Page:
The Caregiver’s Bill Of Rights P.1

There are some days when I cannot get myself out of an internet wormhole. I will scour the web for hours for sources of comfort and information to make me the best caregiver I can for my husband. In my web browsing travels, I have found multiple resources that have made me pause and think about my journey. I will think about how far I have come, and how far I have yet to go.

I found this Caregiver’s Bill of Rights written by Jo Horne and thought it might be helpful to share and comment on.

I have the right: To take care of myself. This is not an act of selfishness. It will enable me to take better care of my loved one.
— Jo Horne

Studies have shown that most caregivers for Alzheimer’s and dementia patients experience some debilitating health issues of their own. What many people outside of dementia caregiving do not realize is that most of the time it is a twenty-four hour, seven-day-a-week job. If you do not have a support system in place, there are no days off and the time adds up. Most full time caregivers say they suffer from depression and isolation.

Stress can negatively affect your own health. If we are not able to take care of ourselves – go to the doctor when we start to feel ill, drive to the pharmacy to pick up our own medications – then how can we as caregivers effectively take care of our loved one? God has given you one body; it is the only one you will inhabit on this earth.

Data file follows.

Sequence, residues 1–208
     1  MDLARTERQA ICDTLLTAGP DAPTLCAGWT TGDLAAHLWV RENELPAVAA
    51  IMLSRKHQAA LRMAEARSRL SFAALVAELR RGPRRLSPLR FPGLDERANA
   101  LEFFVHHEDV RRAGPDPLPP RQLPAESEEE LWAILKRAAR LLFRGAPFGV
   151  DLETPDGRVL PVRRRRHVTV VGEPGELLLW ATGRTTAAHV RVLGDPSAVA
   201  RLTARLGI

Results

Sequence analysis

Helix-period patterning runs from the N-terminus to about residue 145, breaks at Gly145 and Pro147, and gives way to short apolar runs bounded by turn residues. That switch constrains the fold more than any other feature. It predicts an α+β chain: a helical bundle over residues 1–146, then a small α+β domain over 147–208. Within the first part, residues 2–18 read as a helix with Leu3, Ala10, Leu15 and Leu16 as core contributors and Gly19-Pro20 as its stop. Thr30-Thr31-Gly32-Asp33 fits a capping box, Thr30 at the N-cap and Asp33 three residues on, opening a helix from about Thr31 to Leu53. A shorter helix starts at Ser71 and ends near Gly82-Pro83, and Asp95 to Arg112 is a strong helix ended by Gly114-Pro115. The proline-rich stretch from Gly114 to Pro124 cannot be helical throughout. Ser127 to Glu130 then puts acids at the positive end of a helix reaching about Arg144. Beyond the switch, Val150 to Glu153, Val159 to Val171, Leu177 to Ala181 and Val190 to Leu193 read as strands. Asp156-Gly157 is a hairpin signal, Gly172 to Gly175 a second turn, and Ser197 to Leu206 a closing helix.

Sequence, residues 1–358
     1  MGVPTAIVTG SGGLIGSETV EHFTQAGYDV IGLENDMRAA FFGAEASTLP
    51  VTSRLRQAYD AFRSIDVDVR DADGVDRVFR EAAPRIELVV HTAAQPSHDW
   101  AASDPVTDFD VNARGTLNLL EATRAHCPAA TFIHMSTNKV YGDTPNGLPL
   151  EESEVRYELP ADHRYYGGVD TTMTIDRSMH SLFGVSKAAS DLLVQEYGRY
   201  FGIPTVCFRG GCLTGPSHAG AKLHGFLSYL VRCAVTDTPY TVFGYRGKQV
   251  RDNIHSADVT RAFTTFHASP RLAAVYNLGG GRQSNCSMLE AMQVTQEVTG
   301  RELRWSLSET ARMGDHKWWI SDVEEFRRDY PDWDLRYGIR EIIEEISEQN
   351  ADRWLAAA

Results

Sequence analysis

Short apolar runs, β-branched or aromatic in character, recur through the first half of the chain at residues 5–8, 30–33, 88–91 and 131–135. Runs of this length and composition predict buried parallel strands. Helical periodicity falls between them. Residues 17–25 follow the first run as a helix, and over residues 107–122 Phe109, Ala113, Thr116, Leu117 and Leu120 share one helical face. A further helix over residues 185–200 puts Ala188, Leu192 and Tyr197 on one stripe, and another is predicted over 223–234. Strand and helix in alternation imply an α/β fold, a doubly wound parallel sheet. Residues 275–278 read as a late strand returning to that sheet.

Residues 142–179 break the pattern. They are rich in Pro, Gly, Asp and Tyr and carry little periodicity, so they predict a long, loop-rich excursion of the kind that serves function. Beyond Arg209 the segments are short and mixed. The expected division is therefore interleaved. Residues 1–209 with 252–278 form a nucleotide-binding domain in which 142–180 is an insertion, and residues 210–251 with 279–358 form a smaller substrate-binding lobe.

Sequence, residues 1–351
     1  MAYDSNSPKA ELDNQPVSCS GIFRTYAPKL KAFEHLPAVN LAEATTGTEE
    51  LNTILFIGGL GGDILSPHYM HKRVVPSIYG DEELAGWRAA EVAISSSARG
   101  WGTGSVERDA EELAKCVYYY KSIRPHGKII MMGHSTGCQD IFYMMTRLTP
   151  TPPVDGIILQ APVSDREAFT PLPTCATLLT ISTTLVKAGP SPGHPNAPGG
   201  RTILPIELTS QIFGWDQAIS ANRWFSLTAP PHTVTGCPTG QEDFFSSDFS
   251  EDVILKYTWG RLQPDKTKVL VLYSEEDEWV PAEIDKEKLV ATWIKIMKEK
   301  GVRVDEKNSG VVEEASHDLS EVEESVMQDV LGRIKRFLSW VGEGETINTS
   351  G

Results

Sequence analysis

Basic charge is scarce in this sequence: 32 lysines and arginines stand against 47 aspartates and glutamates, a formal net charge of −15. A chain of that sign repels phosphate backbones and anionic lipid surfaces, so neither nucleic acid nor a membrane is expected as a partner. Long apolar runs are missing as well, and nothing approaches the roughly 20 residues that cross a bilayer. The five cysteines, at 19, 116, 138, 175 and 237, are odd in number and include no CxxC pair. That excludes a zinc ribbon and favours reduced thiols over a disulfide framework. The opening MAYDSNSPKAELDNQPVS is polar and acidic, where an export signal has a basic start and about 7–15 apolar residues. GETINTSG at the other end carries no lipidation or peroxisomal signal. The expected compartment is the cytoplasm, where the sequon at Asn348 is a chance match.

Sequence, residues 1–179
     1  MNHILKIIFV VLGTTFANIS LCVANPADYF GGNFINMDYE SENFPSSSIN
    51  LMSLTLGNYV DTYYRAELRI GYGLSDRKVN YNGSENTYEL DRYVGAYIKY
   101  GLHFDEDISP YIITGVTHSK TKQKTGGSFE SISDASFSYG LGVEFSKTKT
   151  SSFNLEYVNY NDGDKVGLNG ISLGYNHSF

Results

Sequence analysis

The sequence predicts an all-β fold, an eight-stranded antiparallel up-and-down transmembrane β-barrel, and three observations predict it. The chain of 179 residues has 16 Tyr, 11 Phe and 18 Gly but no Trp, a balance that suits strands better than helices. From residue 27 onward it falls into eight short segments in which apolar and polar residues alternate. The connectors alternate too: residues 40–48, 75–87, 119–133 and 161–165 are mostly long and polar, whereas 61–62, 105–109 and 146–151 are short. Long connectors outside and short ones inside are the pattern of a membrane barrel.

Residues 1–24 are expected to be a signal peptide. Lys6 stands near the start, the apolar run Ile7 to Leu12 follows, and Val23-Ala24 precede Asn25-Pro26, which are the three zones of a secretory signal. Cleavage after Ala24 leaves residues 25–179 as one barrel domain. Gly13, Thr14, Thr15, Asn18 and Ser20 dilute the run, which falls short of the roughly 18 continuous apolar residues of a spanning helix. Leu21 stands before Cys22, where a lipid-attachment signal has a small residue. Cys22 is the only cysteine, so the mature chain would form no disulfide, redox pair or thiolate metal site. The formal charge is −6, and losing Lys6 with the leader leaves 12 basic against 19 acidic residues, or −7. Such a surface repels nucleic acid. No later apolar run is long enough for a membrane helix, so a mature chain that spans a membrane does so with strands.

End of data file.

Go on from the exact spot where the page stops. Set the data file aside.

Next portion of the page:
Do not feel selfish for putting your needs first sometimes.

If your loved one is being looked after responsibly then, go for a walk, exercise, go get your annual check up from the doctor or dentist. If you are not at your best, then how can your loved one be at theirs?

1 Comment

  1. Marsha McCroskey says:

    That short article lifted me up, and made me feel less guilty. I have been caregiver for my now 96 year old dad for 3 years this December. I already lost my mother, and 2 sisters, one of them was a nurse, who had promised to take care of Dad in her home. He had been living alone in this town, with no relatives here, after my stepmother passed in 2004. I was kind of chosen by my remaining siblings, because my kids were grown up, and I could come here to dad’s. It has been a long, arduous, 3 years, and I have seen him decline physically and mentally. He has Senile Dementia, and forgets things daily now, even things that happened 5 minutes ago! I have had to draw heavily on my faith and my own strength reserves! But like this article says, you have to see about yourself as well, physically, mentally and spiritually! I praise God for these last year’s with my father. The Bible says “this too shall pass away”. I leave this all in His hands, and take it all one day at a time, until my dad goes Home. (Marsha McCroskey, Fort Wayne, In).

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